Echinacea Compresses: Pour boiling water into a cup with 10 g. (one tablespoon) Echinacea. Leave the mixture to sit for 5-6 minutes. Make a compress with the mixture and apply it 2-3 times a day to the skin area that has been burned.

  • Green Tea

Very few people know that when green tea is used as a compress, it is an excellent herb for treating burns and sunburns.

Green tea contains ingredients that help protect the skin from sun damage, reduces the inflammation of burns, and helps the body avoid skin cancer.

Use:

Compresses: Pour boiling water into a cup with 10 g. (one tablespoon) Green tea. Place the mixture in the refrigerator and let sit for 5-6 minutes. Make a compress with the mixture and apply it to the skin area that has been burned 2-3 times a day.

  • Lavender

Lavender oil has miraculous properties for treating burns and sunburns. A French chemist discovered lavender properties in the year 1900, when an experiment had caused serious burns to his hand.

Completely by accident, he plunged his hand into a tank filled with lavender oil, and then the pain and inflammation quickly disappeared.

Lavender oil provides immediate relief from pain, and accelerates the healing process for both A and B degree burns. In addition, lavender oil prevents the occurrence of infections because of it's antimicrobial properties.

Use:

Lavender Pure Oil: Pour one teaspoon pure lavender oil in a bottle of water and stir it. Sprinkle this on burns as often as needed.

Another way to use lavender oil is to pour 4-5 drops of it, three times a day, directly on wounds and burns. Leave the mixture on for at least 15-20 minutes. In addition, you can dilute the same amount of lavender essential oil in 10 ml of olive oil, and then coat the affected skin area.

  • St. John’s Wort

The scientific name for St. John’s Wort is Hypericum perforatum L. 
St. John’s Wort has been used since ancient times as a healing property. The Fathers of Medical Science, Hippocrates and Dioscorides, produced and used hypericum performatum for the treatment of several ailments.

St. John’s Wort has antiseptic, antiviral, anti-inflammatory, and antibiotic properties.

St. John’s Wort oil is extremely beneficial when treating burns, sunburns, bruises and scrapes, old as well as open wounds, muscle pains, scalds, as well as general injuries.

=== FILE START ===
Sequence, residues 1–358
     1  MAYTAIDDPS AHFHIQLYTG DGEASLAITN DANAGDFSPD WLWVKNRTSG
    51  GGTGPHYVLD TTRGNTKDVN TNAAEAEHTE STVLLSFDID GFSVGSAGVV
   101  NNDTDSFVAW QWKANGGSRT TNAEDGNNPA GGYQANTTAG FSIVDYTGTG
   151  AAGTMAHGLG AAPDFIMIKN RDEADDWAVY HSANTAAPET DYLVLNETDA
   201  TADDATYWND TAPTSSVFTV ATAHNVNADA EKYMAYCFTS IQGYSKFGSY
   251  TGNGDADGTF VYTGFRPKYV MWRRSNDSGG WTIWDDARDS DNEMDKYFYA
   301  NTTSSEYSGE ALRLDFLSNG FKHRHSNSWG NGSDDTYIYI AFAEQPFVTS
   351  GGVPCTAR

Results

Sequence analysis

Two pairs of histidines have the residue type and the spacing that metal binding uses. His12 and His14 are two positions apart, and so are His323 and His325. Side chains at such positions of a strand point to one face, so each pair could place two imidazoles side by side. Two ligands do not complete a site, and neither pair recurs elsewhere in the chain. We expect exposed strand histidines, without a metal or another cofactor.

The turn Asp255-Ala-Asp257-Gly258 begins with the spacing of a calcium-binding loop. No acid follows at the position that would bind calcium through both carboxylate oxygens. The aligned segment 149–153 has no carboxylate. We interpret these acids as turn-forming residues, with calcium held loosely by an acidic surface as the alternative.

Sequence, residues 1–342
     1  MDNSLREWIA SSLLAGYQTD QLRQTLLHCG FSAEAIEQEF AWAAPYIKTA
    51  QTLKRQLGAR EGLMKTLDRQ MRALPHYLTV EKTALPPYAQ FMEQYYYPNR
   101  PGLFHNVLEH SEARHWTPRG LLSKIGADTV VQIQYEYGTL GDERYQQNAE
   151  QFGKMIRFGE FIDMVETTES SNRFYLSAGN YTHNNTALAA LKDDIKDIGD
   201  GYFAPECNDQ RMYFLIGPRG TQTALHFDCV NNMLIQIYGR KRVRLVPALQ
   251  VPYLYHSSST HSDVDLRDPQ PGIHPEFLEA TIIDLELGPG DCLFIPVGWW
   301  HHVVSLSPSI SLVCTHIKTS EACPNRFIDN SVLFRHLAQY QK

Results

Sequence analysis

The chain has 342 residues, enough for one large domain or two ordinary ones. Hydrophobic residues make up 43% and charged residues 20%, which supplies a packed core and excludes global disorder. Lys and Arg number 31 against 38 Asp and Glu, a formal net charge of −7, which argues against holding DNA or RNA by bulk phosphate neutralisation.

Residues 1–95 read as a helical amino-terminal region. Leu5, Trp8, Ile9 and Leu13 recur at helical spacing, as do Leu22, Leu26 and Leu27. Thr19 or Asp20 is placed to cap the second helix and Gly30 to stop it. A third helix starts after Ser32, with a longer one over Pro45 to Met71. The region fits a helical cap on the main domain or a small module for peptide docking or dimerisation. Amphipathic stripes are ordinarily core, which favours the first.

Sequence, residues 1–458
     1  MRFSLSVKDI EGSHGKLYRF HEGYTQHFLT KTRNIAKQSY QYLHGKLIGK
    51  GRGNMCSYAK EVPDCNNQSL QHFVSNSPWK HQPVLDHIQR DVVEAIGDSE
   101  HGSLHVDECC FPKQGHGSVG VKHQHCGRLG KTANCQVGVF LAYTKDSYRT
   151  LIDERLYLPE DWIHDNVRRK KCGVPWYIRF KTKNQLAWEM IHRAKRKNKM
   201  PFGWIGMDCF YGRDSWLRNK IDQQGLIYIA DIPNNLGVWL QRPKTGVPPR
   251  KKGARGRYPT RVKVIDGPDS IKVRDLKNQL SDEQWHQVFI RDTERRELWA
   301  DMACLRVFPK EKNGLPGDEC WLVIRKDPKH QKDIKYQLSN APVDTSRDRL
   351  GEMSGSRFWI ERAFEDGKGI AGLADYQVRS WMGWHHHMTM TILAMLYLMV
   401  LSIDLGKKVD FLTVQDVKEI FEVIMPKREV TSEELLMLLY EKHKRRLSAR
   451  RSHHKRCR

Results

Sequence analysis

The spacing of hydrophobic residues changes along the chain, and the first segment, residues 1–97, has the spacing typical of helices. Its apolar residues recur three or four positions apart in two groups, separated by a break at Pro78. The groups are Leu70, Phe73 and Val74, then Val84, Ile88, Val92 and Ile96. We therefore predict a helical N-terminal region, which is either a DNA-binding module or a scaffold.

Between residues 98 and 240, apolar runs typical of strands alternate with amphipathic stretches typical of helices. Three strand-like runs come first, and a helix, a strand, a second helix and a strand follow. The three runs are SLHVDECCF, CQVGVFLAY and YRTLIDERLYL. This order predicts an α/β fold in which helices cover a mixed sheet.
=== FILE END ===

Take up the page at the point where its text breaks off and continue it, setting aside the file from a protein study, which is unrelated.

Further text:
Use:

St. John’s Wort Oil: Place the St. John’s wort flowers loosely in a bottle up to the neck, and then pour cold-pressed olive oil two finger widths above the flowers. Place the bottle in a sunny place or near a stove for at least 20 days. Strain the mixture in a dark glass container and then store it.

To use the mixture on burns, make a compress with the mixture and apply it 2-3 times a day to the skin area that has been burned.

Caution:

St. John’s Wort could cause photosensitivity manifested by skin irritations, and it is advised to wear sun block outdoors when the mixture is on your skin.

  • Burns First Aid

Burns require medical care and attention.

The intense pain and fear of burns can cause panic and shock to the sufferer, as well as loss of composure in their environment. For this reason, it is crucial to maintain the coolness of a burn. burns

It is important to help the sufferer immediately to get rid of his clothes when washing burns with cold water. There is no benefit to washing the burn with water half an hour or later after it has occurred.

Remove any metal object the individual is wearing such as chains, rings, bracelets, watch, etc. On one hand, metal objects act as thermal radiators, and on the other hand, it might become difficult to remove the metal objects when the burns are followed by edema (swelling). Burnt pieces of clothing will stick to the skin, but it is best that clothing is not removed until a doctor can remove them.

  • Final Note

Summer is the season that is associated with holidays and an easygoing life, far away from the worries of hectic everyday life. It is also the period in which most accidents occur, and a sizable percentage of those accidents unfortunately happen to be skin burns.

External causes or accidents that affect the skin will cause the most discomfort to sufferers. The surface of the skin is the largest organ in the body, and it is meant to protect the body from germs that try to enter.

Therefore, it is critical to take care of and protect our skin to the best of our abilities. This includes avoiding various heat sources that can cause minor to very serious burns.

I wish for you to be always healthy.